Voodoo metrics: Facing the music

by Urs E. Gattiker on 2013/01/15 · 2 comments 7,857 views

in a analytics: rating and ranking - who's #1,a dos and don'ts

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You can’t always get what you want
We are evaluation-obsessed, and in turn we suffer a ranking obsession. Unfortunately, most rankings are useless when it comes to the bottom line.
The first post in this series was Fashion blogs: Is trust possible?
Tips, Tools, Monitoring, Best Practice

Best Fashion Blogs - Ranking

Recently I came across a very interesting blog post by Beth Kanter about Facebook Insight. However, after reading it I was left wondering how Facebook got their data. Should understanding the methodology not be first on my agenda?

Other people have suggested that Klout is no more trustworthy. Accordingly, which numbers, benchmarks, rankings, measurement tools and monitoring results should we use?

By the way, sign up for our blog – it is FREE! Get the next installment of this series first.

See also, Welche Erfolgskriterien hat ein Fashion Blog? (German version of the first post in this series).

1. Why does your metric matter more than mine?

You must ensure that the rationale behind using any type of rating or ranking makes sense to your stakeholders. If neither your boss nor client fully comprehend how you arrived at the numbers and what they mean in practice (think bottom line), you are in serious trouble.

Make sure that your metrics help gain insight about the matters customers and management care about. If the amount of traffic is important, explain and demonstrate how this will relate to leads or advertising income on your blog (i.e. key drivers management cares about).

2. Why should I trust your numbers?

If you do not spell out how you got your numbers, you are presenting a black box and your audience will probably complain about it.

To illustrate, a recruiter that notices your score on Klout will think you have influence, something they want for their company, thereby improving your attractiveness as an employee. But wait! Since the recruiter cannot find any convincing information that Klout’s methodology measures what it says it does, they withhold judgment.

Would you risking purchasing a house without seeing it first? Unlikely. So why should you do so with social media ratings, rankings and measurements – what makes them any different?

3. Shall we go for lunch?

Just because people like to read lists, and so magazines compile them does not mean the numbers are credible. Things are not that different for fashion bloggers. There are numerous rankings available that leave a lot to be desired when it comes to understanding which criteria determine inclusion of a particular blog, such as:

ebuzzing top blog rankings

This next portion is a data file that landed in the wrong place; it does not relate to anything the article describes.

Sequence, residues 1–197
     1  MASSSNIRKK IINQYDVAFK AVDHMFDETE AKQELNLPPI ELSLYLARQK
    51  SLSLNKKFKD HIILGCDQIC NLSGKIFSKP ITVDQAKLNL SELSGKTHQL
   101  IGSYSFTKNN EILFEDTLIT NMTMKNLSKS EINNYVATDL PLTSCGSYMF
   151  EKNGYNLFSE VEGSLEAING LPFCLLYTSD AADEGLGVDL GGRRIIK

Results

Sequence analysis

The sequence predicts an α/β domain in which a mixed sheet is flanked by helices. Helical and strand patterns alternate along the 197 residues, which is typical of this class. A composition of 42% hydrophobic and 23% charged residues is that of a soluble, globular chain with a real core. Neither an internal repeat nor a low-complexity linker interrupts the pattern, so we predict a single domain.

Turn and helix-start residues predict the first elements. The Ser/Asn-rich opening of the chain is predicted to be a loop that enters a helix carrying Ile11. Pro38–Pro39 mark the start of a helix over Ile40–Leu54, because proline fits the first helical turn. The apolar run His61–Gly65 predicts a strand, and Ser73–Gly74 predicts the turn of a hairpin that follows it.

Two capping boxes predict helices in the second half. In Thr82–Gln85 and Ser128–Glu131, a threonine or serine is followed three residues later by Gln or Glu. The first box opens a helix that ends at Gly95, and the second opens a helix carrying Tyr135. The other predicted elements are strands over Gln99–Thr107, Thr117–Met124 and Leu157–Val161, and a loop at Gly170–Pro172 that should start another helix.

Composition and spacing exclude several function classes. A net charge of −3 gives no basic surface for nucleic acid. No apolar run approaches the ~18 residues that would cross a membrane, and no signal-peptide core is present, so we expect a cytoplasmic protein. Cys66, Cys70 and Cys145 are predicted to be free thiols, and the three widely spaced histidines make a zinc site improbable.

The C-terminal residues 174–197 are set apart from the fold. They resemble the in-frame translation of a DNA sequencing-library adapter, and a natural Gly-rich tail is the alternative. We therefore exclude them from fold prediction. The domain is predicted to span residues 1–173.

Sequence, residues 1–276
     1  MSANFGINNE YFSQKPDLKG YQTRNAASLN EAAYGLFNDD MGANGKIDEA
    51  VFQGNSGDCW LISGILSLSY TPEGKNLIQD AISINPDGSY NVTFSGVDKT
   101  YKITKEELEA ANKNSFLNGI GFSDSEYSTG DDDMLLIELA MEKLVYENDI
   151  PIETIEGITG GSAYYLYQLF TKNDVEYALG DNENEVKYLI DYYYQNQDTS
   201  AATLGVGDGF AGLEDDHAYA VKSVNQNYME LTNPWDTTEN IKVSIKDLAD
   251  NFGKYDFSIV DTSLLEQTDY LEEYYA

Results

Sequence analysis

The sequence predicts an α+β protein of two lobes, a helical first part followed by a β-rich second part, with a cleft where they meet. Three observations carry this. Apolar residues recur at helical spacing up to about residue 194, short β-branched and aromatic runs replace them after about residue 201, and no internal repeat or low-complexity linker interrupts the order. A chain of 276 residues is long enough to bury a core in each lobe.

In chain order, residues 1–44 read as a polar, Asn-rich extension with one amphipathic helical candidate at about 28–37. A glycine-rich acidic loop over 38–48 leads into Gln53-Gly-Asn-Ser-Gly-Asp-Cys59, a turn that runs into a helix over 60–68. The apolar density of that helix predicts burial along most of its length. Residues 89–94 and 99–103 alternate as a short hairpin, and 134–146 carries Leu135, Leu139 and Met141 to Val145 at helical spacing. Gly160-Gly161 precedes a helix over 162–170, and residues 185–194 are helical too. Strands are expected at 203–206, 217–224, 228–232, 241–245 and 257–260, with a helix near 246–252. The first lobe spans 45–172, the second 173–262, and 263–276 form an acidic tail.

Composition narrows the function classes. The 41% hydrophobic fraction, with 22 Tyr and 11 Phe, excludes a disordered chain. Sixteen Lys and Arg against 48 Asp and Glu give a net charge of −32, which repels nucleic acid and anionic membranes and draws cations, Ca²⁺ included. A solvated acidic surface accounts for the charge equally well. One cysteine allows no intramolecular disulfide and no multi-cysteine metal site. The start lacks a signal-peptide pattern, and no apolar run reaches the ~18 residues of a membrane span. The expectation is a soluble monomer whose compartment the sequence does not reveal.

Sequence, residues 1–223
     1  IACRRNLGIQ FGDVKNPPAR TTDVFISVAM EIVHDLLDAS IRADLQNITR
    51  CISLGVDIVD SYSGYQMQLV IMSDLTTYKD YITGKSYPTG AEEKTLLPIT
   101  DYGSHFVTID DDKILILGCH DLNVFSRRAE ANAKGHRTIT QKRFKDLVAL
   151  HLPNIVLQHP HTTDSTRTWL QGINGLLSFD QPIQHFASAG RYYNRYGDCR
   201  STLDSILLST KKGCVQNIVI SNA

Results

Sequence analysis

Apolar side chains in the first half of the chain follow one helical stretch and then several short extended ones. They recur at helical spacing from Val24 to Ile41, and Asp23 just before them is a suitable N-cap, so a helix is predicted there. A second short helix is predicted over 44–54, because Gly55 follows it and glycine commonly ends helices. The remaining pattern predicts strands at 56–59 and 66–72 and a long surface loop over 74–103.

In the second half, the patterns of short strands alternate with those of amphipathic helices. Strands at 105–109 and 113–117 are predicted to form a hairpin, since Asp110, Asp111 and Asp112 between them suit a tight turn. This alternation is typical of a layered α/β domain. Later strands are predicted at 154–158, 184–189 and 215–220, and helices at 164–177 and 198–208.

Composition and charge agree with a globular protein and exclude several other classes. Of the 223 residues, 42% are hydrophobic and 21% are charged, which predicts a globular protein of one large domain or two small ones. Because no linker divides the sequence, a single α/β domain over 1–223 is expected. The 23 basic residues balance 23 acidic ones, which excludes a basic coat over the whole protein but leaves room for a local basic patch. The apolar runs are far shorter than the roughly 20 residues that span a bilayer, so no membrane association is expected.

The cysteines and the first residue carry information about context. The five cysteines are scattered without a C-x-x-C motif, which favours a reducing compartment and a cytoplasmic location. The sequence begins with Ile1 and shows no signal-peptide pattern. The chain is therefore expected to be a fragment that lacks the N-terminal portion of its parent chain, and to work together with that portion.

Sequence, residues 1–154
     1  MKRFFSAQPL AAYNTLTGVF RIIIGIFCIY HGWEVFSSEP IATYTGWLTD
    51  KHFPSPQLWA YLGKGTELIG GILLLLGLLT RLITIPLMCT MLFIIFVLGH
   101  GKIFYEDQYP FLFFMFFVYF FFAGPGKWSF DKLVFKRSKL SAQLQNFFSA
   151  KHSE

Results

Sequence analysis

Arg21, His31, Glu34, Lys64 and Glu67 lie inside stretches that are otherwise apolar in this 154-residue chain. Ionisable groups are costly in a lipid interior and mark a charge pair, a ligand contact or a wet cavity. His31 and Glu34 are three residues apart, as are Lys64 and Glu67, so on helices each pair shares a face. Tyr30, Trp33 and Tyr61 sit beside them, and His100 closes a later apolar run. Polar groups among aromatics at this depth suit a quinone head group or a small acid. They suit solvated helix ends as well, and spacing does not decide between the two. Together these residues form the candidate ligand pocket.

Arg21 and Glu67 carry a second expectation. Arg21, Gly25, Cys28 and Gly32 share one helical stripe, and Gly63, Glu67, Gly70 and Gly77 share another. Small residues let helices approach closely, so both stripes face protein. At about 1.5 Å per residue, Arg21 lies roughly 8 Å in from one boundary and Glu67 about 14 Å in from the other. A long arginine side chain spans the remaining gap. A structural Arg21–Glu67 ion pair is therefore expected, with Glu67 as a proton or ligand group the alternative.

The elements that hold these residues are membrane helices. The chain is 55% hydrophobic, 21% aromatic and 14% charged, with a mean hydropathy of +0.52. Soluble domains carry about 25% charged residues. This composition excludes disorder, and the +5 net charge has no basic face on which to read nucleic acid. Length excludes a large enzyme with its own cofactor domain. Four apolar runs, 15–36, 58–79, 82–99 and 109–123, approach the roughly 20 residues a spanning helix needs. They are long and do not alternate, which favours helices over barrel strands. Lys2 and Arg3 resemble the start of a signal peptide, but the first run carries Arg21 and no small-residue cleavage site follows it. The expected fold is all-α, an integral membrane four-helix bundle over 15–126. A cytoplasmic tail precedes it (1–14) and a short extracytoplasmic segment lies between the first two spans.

Cision – top fashion blogs – UK, DE, US, etc.
Top 20 fashion blogs (Great Britain)
TOP 10-Liste der Schweizer Modeblogs (Top Ten Swiss Fashion Blogs)

Fashion bloggers, brands, etc. imbue these rankings with an authority that is largely unjustified, especially considering many can be manipulated. This was sadly demonstrated during 2012 when several US universities gamed college rankings.
Who is #1?

Conclusion – Running on empty: Signs of failure

Some have argued that trust remains an issue because brands are still wary of the many inexperienced bloggers posting about their Spring line-up at Milan or Paris Fashion Week. Moreover, the content is unmoderated and easily accessible. And of course, while some are very good at it (e.g., writing style, research done before publishing the content), others publish no more than rough drafts.

Finally, as long as such rankings put Mashable (the news site for social media and Internet enthusiasts) as high up on the list as top universities such as Harvard, ETH Zurich or Cambridge, some questions remain regarding the quality and trustworthiness of these rankings. Customer beware – or be a fool.

Get more ComMetrics content on Google, Fashion, design, trust ratings and rankings (just click the URL to get some very interesting results).

Source: Voodoo metrics: Facing the music

I look forward to your thoughts and comments below.

Urs E. Gattiker, Ph.D. - CyTRAP Labs - ComMetrics.

The author: This post was written by social media marketing and strategy expert Urs E. Gattiker, who also writes about issues that connect social media with compliance, and thrives on the challenge of measuring how it all affects your bottom line.

His latest book, Social Media Audit: Measure for Impact, was recently published by Springer Science Publishers.

Connect with ComMetrics on Google+ or the author using: Email | Twitter | | Xing

  • http://twitter.com/data_nerd Carla Gentry CSPO

    Nice article Urs – and agree about inexperienced bloggers and marketers – they hurt our business and our reputation (like everyone is a guru, even in Data Science) – Trust, experience and the ability to communicate, VERY important! Thanks for writing!

    • http://commetrics.drkpi.ch/articles/what-they-do-not-teach-you-at-lady-gaga-university/ Urs E. Gattiker

      Dear Carla Carla Gentry CSPO

      Thanks so much for stopping by and letting me know what you think about this issue.

      As always, right on the money.

      Sometimes I wonder if all it takes is making sure that one screams louder than the guy next door…. so many hear… and voila, one must be an expert.

      Quality over quantity…. unfortunately it is often the opposite.

      Thanks for sharing @data_nerd:twitter

      Urs @ComMetrics

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